Last year, the Israeli prime minister’s office also ordered that the money being transferred by the PA to “terrorists and their families” be deducted from monthly tax revenues Israel collected on behalf of the PA. However, the decision was not implemented.

Palestinians have often argued that the compensation program does not have anything to do with “funding terrorism,” as Stern has claimed to justify his bill, but is part of a larger social program to assist Palestinian families who have been affected by Israel’s nearly half-century military occupation of the Palestinian territory.

Last month Israeli rights group B’Tselem released a report detailing how Israel has purposefully introduced legislation over the past 20 years to avoid paying compensation to Palestinians who have been injured by Israeli forces.

While both international and Israeli civil law hold the state responsible for damages or injuries caused by its security forces as a result of “negligence,” B’Tselem stated that Israel had begun a legislative process in the mid-1990s to both expand legal exemptions and to discourage Palestinians from filing claims.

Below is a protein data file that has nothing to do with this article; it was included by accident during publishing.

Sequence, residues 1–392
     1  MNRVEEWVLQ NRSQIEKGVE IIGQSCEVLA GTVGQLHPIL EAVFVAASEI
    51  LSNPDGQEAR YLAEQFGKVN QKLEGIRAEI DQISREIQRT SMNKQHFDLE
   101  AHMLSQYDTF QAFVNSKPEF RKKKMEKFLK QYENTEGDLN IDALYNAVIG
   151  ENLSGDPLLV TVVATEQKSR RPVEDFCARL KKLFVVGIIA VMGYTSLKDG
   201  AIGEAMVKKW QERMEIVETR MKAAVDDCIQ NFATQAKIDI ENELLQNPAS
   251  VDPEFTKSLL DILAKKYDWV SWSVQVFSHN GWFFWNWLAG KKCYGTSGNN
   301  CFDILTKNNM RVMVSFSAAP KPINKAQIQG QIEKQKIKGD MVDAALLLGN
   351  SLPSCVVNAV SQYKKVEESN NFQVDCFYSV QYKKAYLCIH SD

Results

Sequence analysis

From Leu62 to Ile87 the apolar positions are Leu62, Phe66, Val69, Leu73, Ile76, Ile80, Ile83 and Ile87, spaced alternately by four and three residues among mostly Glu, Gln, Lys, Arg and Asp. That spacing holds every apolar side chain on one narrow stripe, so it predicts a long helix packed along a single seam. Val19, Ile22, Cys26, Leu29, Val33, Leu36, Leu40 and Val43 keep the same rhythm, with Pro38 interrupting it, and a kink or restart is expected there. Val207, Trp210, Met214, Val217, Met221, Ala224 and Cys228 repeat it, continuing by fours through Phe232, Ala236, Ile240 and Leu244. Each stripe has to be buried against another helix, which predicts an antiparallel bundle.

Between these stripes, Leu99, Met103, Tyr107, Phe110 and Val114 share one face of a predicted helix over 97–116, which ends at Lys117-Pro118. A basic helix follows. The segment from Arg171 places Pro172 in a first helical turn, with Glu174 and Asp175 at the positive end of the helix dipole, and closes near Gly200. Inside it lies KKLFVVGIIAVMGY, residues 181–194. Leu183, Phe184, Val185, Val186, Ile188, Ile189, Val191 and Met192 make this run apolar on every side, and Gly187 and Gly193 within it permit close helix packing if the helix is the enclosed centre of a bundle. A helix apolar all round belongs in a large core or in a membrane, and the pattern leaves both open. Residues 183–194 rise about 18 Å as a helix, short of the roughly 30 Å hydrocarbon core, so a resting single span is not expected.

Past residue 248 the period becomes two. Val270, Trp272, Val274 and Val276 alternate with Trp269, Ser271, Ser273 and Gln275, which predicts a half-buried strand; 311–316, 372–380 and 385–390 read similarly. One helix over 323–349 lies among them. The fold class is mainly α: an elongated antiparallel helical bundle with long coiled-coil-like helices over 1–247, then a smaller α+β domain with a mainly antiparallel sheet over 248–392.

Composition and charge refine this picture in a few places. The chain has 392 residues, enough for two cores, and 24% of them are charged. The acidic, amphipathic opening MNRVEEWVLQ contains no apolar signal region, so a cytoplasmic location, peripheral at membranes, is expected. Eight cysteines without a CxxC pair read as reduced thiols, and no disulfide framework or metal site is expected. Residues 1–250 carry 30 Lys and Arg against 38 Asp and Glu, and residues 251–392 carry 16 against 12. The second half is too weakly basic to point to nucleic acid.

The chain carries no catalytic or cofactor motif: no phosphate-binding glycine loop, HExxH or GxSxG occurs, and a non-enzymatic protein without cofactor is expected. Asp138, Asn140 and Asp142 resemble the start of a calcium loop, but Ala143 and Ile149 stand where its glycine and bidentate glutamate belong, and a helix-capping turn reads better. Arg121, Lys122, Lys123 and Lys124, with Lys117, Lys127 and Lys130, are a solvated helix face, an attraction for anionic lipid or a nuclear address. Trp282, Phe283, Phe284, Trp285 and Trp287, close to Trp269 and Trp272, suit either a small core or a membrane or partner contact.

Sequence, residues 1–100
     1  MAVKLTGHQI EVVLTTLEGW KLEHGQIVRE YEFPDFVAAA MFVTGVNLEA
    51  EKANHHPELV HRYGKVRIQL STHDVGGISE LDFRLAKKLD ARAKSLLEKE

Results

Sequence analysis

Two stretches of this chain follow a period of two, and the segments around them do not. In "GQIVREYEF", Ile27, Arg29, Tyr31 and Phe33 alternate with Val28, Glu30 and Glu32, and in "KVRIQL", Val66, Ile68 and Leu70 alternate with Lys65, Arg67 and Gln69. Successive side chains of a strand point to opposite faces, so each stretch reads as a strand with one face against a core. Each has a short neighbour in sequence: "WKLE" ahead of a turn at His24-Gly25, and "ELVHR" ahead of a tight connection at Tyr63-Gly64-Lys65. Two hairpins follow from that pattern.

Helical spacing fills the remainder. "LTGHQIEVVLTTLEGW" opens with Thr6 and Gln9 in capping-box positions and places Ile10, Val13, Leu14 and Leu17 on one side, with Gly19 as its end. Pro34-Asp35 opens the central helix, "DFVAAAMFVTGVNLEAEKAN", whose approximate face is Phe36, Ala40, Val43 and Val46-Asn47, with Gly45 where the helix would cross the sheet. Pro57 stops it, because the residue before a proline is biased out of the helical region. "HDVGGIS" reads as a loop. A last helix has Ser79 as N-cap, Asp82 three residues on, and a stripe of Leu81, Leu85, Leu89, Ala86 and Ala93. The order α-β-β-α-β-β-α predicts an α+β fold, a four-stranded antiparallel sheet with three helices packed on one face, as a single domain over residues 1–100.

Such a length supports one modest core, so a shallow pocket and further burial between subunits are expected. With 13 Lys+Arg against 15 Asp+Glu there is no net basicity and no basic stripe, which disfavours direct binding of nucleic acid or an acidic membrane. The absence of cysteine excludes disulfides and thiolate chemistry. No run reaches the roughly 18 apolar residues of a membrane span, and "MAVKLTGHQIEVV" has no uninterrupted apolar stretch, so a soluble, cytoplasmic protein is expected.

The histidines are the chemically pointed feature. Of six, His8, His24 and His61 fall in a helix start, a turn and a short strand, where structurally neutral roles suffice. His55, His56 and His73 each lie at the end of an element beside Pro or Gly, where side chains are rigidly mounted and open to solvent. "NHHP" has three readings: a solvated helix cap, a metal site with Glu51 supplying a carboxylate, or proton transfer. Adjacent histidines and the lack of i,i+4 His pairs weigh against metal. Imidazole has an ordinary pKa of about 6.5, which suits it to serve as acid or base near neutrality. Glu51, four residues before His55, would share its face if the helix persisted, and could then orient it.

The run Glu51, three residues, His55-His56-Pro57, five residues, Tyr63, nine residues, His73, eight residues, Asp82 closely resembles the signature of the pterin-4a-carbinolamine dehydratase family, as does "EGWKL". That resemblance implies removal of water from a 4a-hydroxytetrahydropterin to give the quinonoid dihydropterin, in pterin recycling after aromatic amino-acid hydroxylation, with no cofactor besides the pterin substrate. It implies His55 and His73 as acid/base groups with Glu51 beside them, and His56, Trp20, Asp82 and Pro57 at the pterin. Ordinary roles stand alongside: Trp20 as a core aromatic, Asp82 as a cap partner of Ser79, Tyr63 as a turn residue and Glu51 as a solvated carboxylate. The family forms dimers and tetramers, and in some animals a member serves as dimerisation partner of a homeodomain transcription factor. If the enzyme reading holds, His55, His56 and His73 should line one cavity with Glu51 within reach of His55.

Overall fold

The amount of money paid by the state of Israel in compensation to Palestinians has drastically decreased, with Israeli payments going from 21.6 million shekels ($5.8 million) on average each year between 1997 and 2001, to only 3.8 million shekels ($1.03 million) yearly between 2012 and 2016.

B’Tselem highlighted the dishonesty of Israel arguing that the PA should bear the costs of damage incurred by its civilians, as is customary in other armed conflicts between two nations, due to the extremely limited powers granted to the PA under the Oslo Accords.